As a 1970s and 1980s kid who loved music, I was a big fan of pre-MTV dance shows "American Bandstand," "Dance Fever," and "Solid Gold." But I was addicted to "Soul Train."
Wednesday's news of the tragic passing of "Soul Train" creator and original host Don Cornelius, who was only 75, hits me like a sucker punch.
It never bothered me when performers lip synced their songs. I was more intrigued to see the faces behind the music that I listened to on the radio and on my parents's collection of hundreds of soul albums that lined the coffee table our record player sat upon in our den.
Unlike rappers today, the R&B singers of the 1970s wore ornate costumes. I remember being glued to the TV just soaking up colorful images of Grace Jones, Patti LaBelle and the Bluebelles, Stevie Wonder, and Earth, Wind & Fire, and more when they visited.
Then, there was the dancing. The "Soul Train" dancers were also stars. They taught me how to do the bump, the robot, the rock, and the Robocop without the aid of a DVR or VCR to playback the moves.
I picked out the dancers whose styles I liked the most, and I sat and watched and mimicked them. Kids at the school dances were always surprised at how well this shy, quiet boy could get down.
I could not wait for the "Soul Train Line." The men and women faced off in parallel lines. The couple at the top moved into the center and danced down the aisle as those waiting their turn clapped and rocked from side to side. It was like a rite of passage it was so good, especially when they prepared routines that included jumping off of the stage or doing the splits.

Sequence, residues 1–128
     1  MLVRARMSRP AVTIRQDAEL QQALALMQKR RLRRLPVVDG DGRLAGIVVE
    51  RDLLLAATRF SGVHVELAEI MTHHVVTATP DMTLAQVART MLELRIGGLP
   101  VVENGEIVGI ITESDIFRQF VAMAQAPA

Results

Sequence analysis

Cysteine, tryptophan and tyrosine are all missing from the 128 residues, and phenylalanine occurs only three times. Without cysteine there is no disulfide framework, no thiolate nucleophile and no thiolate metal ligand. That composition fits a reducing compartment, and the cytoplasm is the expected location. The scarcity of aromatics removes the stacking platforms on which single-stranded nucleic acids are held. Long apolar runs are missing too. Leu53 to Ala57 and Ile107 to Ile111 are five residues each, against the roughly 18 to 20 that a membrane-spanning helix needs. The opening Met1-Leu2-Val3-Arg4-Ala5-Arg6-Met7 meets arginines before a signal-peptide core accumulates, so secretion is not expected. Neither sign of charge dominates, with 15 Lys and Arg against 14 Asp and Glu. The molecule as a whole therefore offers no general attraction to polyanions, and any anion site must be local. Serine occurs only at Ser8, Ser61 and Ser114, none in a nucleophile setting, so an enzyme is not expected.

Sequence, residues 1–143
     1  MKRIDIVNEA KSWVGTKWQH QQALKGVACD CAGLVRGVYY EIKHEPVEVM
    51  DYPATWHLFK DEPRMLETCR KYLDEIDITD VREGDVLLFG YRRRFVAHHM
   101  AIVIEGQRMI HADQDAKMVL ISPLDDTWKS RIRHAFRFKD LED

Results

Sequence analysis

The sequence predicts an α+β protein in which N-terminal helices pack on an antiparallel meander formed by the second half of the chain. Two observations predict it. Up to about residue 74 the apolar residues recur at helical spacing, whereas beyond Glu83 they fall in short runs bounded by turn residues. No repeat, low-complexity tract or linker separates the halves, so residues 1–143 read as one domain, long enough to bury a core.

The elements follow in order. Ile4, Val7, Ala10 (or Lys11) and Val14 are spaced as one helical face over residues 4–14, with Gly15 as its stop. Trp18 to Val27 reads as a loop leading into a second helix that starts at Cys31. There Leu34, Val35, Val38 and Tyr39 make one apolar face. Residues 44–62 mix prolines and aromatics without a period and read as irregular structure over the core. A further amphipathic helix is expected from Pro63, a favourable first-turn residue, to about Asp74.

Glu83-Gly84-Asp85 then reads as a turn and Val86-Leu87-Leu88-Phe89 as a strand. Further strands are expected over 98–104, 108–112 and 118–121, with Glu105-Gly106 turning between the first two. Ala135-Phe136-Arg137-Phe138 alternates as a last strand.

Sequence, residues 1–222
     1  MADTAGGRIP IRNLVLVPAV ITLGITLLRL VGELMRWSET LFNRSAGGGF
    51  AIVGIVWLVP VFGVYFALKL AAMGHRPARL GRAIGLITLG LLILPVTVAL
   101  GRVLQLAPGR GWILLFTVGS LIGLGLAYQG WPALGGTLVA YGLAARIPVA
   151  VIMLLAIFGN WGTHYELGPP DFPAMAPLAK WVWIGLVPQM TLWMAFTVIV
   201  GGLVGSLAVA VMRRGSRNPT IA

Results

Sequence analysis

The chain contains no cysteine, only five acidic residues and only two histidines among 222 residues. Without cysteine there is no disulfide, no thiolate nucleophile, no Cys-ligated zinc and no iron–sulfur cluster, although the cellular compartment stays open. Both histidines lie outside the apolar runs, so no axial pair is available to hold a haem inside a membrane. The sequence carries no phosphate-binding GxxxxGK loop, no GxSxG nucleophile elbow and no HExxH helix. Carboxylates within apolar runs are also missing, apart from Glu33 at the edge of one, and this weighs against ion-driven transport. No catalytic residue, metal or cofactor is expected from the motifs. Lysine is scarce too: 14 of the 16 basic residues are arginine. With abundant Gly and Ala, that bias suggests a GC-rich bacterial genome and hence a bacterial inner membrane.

The show even included a black history game show element called the "Soul Train Scramble Board." Cornelius would bring a couple to the front of a blackboard-like easel that had random letters scattered about. He would give them a clue and wait for them to unscramble the letters to reveal the answer.
Don Cornelius was cool. He was never giddy when interviewing the artists after they performed. His on camera disposition was even, but respectful and professional. His afro was always perfectly shaped, and he dressed immaculately. He looked as if he had just walked off of the set of a blaxploitation classic like "Shaft," "Foxy Brown," or "The Mack."
I watched the show religiously every Saturday even while I was in college.
The show wasn't the same after Cornelius stepped down as the host in 1993, replaced by a revolving door of alternates, who failed to bring the same energy.
But "Soul Train"'s legacy remained intact, earning the distinction as one of the longest-running syndicated shows in television history.
In 1987, Cornelius launched the successful "Soul Train Awards" franchise that returned to production in recent years on BET's Centric channel. In 1995, he introduced the "Lady Of Soul Awards."
The 2010 documentary, "Soul Train: The Hippest Trip In America," was nominated for an Emmy.
I know there is more to happiness than success and accomplishments, but Cornelius's were so great that I'm saddened to consider the reports that he took own life.
Aretha Franklin paid him a high honor when she learned of his death. "With the inception of 'Soul Train,' a young, progressive brother set the pace and worldwide standard for young aspiring African American men and entrepreneurs in TV—out of Chicago," she said in a statement. "He transcended cultural barriers among young adults. They became one. Everybody loved 'Soul Train' and appreciated Don!"
I've read many posts today that referenced the show's signature closing. Cornelius and the dancers would face the camera, smile, and wish all of us at home, "Love. Peace. And Soul."
When they said "Soul," they motioned blowing a kiss to the audience. It was sincere, like a gesture you would extend to family.
R.I.P. Mr. Cornelius